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20130201
20130228
SHOW
Today 2
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KNTV (NBC) 2
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NBC
Feb 26, 2013 7:00am PST
be reversed. let's begin this half hour with a very different subject. first lady michelle obama, making a lot of public appearances recently and drawing some criticism because of that. nbc's white house correspondent kristen welker has more on that. good morning to you. >> matt, good morning to you. the first lady will be hitting the road to promote her third anniversary of her let's move campaign. but her media blitz topped by that performance at the oscars has everyone talking. people are still buzzing about michelle obama's oscar finale that no one saw coming. >> and the oscar goes to -- "argo." >> even an iranian news agency covered it, but photo shopped sleeves and a higher neckline. conservative columnist jennifer ruben is critical, saying it made the white house and first lady seem small. >> there is a sense of going too far and too much and becoming so ubiquitous that no one considers you special. she's the first lady, for goodness saks not a celebrity. >> reporter: the white house didn't respond but most of her appearances have been focused on her campaign let's move. on jimmy fallon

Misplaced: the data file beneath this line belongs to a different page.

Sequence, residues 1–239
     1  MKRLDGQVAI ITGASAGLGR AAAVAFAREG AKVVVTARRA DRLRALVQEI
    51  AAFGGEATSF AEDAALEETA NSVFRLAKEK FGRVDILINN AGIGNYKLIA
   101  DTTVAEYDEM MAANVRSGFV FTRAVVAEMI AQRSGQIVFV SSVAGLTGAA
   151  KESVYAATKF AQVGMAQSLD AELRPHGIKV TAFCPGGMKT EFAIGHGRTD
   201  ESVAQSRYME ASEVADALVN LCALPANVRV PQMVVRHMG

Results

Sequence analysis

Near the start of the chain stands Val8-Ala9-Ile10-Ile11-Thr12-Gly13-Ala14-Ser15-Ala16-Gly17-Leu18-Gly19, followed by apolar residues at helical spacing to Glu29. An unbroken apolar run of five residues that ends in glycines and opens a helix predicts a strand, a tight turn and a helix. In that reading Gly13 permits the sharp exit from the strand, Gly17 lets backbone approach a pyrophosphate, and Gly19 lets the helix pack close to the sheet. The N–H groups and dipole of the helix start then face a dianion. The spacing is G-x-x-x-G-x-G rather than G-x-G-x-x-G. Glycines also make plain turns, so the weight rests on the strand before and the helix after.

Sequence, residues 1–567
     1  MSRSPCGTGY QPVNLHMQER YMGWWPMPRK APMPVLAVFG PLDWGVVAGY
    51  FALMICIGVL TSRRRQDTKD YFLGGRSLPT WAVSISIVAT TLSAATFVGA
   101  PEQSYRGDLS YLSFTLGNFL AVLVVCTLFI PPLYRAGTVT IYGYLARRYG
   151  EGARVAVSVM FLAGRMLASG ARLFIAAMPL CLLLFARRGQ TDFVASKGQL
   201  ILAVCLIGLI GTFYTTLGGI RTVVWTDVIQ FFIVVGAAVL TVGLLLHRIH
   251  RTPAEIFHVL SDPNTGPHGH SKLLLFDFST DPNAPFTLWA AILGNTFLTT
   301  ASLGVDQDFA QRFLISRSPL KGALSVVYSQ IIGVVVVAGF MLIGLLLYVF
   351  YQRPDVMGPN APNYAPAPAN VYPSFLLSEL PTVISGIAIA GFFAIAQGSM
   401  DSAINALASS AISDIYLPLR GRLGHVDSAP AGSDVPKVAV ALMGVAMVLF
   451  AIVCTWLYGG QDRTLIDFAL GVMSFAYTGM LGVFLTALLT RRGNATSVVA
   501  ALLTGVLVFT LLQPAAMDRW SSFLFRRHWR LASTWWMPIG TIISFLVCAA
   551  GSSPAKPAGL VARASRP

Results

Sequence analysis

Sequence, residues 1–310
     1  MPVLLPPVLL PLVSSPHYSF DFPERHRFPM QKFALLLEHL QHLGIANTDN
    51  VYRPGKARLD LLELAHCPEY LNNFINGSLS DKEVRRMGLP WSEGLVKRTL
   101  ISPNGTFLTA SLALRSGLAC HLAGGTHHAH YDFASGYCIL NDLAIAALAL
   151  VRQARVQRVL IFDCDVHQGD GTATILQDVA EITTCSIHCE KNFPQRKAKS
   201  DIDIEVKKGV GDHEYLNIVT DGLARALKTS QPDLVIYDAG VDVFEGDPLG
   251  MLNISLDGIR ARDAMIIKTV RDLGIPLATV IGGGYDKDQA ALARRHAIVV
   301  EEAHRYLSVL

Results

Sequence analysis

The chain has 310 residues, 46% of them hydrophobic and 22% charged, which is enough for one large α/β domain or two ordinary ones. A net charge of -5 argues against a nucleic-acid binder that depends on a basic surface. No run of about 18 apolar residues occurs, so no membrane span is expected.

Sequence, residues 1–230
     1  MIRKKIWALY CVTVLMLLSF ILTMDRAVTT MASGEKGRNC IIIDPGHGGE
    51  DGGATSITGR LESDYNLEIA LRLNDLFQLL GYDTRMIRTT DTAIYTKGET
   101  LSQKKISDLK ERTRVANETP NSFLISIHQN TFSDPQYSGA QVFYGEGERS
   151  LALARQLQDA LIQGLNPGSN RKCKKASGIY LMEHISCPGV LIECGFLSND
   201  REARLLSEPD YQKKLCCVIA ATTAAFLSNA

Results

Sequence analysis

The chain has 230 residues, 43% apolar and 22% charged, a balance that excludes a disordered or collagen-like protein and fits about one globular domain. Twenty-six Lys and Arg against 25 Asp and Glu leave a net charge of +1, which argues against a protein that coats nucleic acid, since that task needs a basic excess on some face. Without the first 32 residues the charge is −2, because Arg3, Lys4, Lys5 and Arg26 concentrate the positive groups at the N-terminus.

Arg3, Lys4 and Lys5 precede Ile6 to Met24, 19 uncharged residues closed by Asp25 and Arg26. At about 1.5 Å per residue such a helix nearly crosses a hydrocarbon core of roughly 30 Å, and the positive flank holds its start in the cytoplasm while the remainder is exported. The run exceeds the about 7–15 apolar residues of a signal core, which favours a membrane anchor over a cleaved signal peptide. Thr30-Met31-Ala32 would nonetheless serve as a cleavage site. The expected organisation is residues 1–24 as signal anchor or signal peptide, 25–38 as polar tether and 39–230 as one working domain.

NBC
Feb 19, 2013 7:00am PST
in a few moments and we'll try to learn how to make a bed properly after all these years. >>> michelle obama opens up about the bangs and she's pretty candid about what motivated her to have a whole new look. >>> we'll start this hour with the controversial cameras used to catch you running red lights. many people argue they're often inaccurate or unfair. tom costello has been looking into that story. tom, good morning to you. >> reporter: savannah, good morning. 24 states and d.c. allow these red light cameras. nine states ban them. fairness is the big issue. in court, depending where you are, you might be able to ask a police officer about the ticket he wrote you, but you can't do that with a camera and the camera presumes that you're guilty, not innocent. they can be horrific crashes, red light runners are especially dangerous because the people they hit are usually caught completely by surprise. each year, some 700 people die and 122,000 are injured in accidents involving a driver who ran the red. to cut into that rate, more than 540 communities nationwide have turned to red light
Search Results 0 to 1 of about 2